I got the chance to get an early copy of the book Stillpower: Excellence with Ease in Sports and Life by Garret Kramer, and I have to say that I enjoyed it. It was not my favorite book, but I think it is worth reading for athletes and coaches on the chance that they are able to glean one or two insights from the book that will really help them out.
The book talks all about recognizing that motivation is internal, whether it is in sports or in life, and we cannot seek external motivations. If we do that, it will be fleeting, and we will soon find ourselves performing worse. If we look to things happening to us as getting us down or up, we are not relying enough on the internal factors of performance. One story that I enjoyed from the book which talks about being motivated and satisfied by the right things was a story about former Argentinian golfer Robert De Vicenzo. The story from the book goes:
Robert De Vicenzo, the renowned Argentinian professional golfer, once won a tournament with a substantial cash prize. After receiving his check and smiling through interviews and photos, he went to the clubhouse and was prepared to leave. Sometime later, as he walked to his car in the parking lot, he was approached by a young woman. She offered well wishes on the victory and then told him that her baby was seriously ill and near death, but she had no money to pay the doctors' bills and hospital expenses De Vicenzo was so moved by her story that right on the spot, he took out a pen and endorsed the winning check over to the woman. "Make some good days for the child," he said as he pressed the check into her hand.
The following week, De Vicenzo was having lunch at the next tour stop when a PGA official approached him. "Several members of the parking lot crew told me you met a young woman after the tournament last week."
De Vicenzo nodded. "Well," said the official, "I hate to tell you, she's a phony. She has no sick kid. I'm sorry, my friend, but that girl fleeced you."
De Vixenzo responded, "You mean there's no dying baby?"
"That's the best news I've heard all week," De Vicenzo responded.I can only imagine how most people (myself included) would have responded to that situation if I was De Vicenzo, but reading about him response and his clarity (the world is better if there is no sick baby compared to if there is a sick baby), it is easy to see how he was a person with his priorities and life in order.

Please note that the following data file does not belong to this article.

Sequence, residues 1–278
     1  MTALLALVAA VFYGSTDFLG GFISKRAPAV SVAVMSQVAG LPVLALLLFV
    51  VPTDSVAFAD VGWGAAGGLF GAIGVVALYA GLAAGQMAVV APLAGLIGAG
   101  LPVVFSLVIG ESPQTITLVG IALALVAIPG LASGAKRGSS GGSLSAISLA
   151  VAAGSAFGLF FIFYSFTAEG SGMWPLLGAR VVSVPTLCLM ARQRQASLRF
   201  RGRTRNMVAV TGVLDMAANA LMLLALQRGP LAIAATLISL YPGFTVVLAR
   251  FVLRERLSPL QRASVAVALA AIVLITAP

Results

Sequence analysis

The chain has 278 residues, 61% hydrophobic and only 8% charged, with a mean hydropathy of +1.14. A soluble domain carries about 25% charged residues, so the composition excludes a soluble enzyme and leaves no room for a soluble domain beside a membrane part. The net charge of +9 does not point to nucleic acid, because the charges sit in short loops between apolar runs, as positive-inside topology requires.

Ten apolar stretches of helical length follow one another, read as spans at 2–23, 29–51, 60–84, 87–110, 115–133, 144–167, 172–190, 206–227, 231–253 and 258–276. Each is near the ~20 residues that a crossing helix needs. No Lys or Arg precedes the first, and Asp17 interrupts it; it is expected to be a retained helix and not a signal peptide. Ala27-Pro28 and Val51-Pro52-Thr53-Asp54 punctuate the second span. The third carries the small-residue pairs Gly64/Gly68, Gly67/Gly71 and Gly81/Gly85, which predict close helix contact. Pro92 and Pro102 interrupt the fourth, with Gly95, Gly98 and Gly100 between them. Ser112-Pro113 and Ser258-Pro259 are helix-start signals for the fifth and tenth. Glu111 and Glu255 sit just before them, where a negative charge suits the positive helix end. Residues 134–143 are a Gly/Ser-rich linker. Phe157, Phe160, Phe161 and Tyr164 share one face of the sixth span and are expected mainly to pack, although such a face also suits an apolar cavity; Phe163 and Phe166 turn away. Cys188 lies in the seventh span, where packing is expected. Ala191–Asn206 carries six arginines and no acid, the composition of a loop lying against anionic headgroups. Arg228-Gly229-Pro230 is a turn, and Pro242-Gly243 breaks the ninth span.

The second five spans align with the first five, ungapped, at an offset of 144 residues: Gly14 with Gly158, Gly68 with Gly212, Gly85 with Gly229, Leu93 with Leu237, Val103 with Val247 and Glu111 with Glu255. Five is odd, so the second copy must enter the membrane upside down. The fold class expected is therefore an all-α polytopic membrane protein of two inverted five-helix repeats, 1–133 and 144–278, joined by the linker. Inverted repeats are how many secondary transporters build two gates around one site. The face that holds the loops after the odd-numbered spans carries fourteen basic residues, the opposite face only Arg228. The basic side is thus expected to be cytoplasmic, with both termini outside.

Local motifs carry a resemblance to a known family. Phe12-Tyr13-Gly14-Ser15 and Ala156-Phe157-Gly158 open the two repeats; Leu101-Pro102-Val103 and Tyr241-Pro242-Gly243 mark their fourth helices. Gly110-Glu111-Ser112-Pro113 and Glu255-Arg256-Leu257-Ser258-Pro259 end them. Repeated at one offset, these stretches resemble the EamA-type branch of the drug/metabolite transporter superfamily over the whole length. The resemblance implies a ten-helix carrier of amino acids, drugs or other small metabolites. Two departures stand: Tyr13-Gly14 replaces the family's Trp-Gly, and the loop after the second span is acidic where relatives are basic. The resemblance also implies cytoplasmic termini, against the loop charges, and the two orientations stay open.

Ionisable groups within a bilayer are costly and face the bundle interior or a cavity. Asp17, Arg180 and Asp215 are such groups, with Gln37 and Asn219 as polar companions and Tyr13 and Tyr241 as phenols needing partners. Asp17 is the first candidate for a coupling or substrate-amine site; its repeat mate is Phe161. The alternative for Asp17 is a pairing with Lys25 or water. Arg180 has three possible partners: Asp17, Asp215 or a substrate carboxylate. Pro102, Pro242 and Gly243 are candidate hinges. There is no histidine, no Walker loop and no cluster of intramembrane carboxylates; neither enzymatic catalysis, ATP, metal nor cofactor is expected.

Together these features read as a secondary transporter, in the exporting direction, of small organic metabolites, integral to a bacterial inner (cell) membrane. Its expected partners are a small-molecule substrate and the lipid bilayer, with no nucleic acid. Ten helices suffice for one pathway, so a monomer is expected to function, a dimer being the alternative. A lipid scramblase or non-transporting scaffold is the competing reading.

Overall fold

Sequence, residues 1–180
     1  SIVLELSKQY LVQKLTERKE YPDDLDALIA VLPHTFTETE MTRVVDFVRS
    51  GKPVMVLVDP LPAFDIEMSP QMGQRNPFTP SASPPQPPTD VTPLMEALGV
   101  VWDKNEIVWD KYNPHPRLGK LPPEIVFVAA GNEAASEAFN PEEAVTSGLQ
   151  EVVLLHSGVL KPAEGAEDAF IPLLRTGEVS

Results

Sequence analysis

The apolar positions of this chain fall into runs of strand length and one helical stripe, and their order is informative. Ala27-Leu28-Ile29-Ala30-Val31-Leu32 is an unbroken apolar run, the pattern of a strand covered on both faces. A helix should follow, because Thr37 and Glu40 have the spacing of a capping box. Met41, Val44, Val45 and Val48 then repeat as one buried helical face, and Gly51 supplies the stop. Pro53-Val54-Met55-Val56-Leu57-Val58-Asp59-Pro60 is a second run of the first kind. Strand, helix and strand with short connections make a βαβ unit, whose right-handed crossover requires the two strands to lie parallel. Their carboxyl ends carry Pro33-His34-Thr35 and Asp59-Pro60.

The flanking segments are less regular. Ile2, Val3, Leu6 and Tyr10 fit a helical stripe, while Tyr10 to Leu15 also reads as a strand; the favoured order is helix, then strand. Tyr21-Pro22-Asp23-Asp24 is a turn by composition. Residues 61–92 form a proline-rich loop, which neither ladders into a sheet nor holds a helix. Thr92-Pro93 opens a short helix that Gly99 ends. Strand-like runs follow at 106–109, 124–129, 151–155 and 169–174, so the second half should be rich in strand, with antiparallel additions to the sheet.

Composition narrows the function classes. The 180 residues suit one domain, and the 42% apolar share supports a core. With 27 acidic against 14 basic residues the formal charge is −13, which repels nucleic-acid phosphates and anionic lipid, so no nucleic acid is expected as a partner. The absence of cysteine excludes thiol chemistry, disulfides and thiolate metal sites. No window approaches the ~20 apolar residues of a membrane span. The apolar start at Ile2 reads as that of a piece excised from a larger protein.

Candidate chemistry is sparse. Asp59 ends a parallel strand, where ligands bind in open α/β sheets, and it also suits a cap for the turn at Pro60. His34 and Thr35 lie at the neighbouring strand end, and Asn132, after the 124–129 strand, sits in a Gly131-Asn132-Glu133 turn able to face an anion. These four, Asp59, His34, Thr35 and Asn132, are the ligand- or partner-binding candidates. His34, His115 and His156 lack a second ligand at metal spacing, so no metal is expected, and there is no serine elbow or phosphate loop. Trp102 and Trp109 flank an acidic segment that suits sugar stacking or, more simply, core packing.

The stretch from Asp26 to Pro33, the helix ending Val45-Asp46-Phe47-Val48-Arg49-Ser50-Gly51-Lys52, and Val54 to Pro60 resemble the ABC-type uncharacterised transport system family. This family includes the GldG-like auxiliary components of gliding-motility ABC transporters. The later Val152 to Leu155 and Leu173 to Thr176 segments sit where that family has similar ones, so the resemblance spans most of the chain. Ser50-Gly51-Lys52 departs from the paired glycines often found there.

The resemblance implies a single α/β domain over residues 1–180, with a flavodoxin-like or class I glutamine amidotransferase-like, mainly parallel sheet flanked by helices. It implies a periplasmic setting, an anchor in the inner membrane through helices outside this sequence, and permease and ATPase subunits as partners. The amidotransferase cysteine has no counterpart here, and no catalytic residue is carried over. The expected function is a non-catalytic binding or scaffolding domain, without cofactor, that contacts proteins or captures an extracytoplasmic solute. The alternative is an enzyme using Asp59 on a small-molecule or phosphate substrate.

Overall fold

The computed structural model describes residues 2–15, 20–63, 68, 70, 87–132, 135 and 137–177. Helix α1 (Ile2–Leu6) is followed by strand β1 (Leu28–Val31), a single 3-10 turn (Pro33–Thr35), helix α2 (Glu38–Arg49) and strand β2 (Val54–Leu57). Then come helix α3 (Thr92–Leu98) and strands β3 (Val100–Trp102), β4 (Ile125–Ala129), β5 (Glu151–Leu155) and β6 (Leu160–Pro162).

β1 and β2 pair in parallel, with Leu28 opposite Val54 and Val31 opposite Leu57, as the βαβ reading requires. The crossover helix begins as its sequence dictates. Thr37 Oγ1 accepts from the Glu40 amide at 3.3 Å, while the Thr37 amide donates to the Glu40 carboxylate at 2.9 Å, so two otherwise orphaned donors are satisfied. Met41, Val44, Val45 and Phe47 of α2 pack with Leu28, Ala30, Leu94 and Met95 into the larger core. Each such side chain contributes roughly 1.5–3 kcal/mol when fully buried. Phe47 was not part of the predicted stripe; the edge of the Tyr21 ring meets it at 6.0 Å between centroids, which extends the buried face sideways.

At the end of the book, Kramer gave his ten reminders that will "point you away from external quick fixes and toward your own natural understanding" :
1. Only when you feel a sense of cooperation with your teammates, coaches, and even your opponents will you be mentally prepared to compete to the fullest extent possible.
2. Struggles only occur when you are not operating from a clear mind-set. So when you attempt to solve problems from this state of mind, your performance will only get worse.
3. A coach's words are much less important than the state of mind from which the words are spoken.
4. A coaching methodology that focuses on behaviors is mentoring after the damage has already been done.
5. Recognize the difference between your life situations and your life.
6. Keep goal setting in perspective.
7. Without the free will to choose, you will lack the resources to draw upon personal insights and move through errant emotions.
8. The opportunity always exists to move through any situation successfully, no matter how challenging it might appear.
9. Understand that no matter what you are thinking at any moment in time, there is nothing you actually have to do.
10. You will perform to the best of your ability from the ease, simplicity, and peacefulness of stillpower.
Is Stillpower worth the read? It depends. If you are an athlete or coach, I think you could get something out of this, because obviously even one insight that improves your performance will make it worthwhile. In addition, it is a quick and easy read, which should make it a relatively easy book to get through.